When heat and humidity combine to make the great outdoors a little unpleasant, it's good to know we can escape to the cool comfort of air-conditioned buildings and cars for some relief. Wild animals don't have this luxury, but they do have some strategies to help them beat the heat.
When we have to be outdoors during a heat wave, our bodies will sweat to help us maintain our body temperature and not overheat. However, most animals don't have enough sweat glands to sweat like humans. Only monkeys, apes and horses sweat to help stay cool. But many animals still take a human-like approach to beating the heat by taking shelter during the hottest parts of the day.
From reptiles to mammals, many animals seek shelter from the sun when it is hot. For reptiles, beating the heat is especially critical because they are cold-blooded, or ectothermic. This means they use the environment to control their body temperature. They can overheat quickly on a hot day, so they often seek cooler locales. Reptiles like lizards and snakes might burrow underground or move under a rock or log. Turtles will often go deeper in the water, where it is cooler.
Words to know
Burrow: A hole or tunnel dug by a small animal.
Dilate: To become wider, larger or more open.
Ectothermic: An animal that has a body temperature that varies with the temperature of its surroundings.
Excrement: Human or animal bodily waste.
Membrane: A thin sheet or tissue that acts as a boundary or lining.
Wallow: To roll about or lie in the mud.
Birds, too, seek shade in the heat, but they also have other strategies to help keep them cool. Like dogs, some birds can do their own version of panting to help them stay cool. Their version is called gular fluttering, and it involves breathing with their mouths open while also vibrating their throat membranes. This causes excess heat to leave their bodies.
Another human-like strategy birds employ to cool off is taking a dip in some cool water. Some mammals, including deer, will head for the water to cool off during a heat wave as well. Even insects like bees will take a dip in some water to cool off.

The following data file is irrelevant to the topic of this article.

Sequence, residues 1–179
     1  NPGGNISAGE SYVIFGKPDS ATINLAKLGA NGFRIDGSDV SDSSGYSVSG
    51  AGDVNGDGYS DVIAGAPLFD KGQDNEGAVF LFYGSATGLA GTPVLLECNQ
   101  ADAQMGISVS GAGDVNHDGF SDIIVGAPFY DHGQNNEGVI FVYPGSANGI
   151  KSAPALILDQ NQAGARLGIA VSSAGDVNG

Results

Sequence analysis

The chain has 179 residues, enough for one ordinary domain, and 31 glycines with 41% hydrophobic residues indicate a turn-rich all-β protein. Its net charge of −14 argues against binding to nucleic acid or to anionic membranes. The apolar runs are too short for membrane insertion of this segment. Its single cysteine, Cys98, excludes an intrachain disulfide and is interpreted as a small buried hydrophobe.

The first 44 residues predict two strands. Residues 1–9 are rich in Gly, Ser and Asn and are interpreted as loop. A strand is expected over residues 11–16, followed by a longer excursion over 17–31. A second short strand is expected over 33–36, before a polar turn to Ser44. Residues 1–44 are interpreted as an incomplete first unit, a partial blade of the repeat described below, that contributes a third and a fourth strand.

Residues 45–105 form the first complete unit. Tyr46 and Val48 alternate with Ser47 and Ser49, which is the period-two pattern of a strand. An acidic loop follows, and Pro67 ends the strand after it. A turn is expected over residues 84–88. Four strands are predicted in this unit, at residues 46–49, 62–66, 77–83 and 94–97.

Because many animals rely on water to stay cool, you can help them beat the heat by leaving water out for them. If you have a birdbath in your yard, you're already helping, but make sure to clean it and replenish the water frequently.
Birdbaths will benefit birds and also some insects that need a quick dip to cool off. Even regular yard work, like watering the garden, can help provide necessary water for insects.
Many other animals could benefit from a splash or sip of water but may not be able to get to a birdbath. For small mammals like ground squirrels, chipmunks and even raccoons and others, leaving containers of water out in your yard can help. If you can, put out a few containers, at least one very shallow for the smallest critters and others a bit deeper. Clean the containers regularly and refill with water as needed.
Water isn't the only thing animals rely on to keep cool in extreme temperatures. Some have developed other unique strategies. Take birds like turkey vultures and storks. They will poop on their legs to help cool them off. This works similar to how sweat does for humans. Their excrement is liquid, so as it dries on their legs heat is carried away from their bodies, which lowers their body temperature.
A less disgusting but still dirty method of keeping cool is wallowing in the mud. Pigs are probably the most well-known wallowers, but hippos, buffalo and boars will also roll around in mud to cool off. Wallowing in mud also works much like sweating. When water in the mud evaporates, it carries heat away from the animals' bodies and brings their body temperature down.
Still another way some animals cool off is with their ears. Rabbits, including eastern cottontails, have a lot of blood vessels in their ears. When it's hot, the blood vessels will dilate to allow heat to dissipate. Similarly, elephants can flap their ears to cool the blood flowing through their ears, helping them cool off in the heat.
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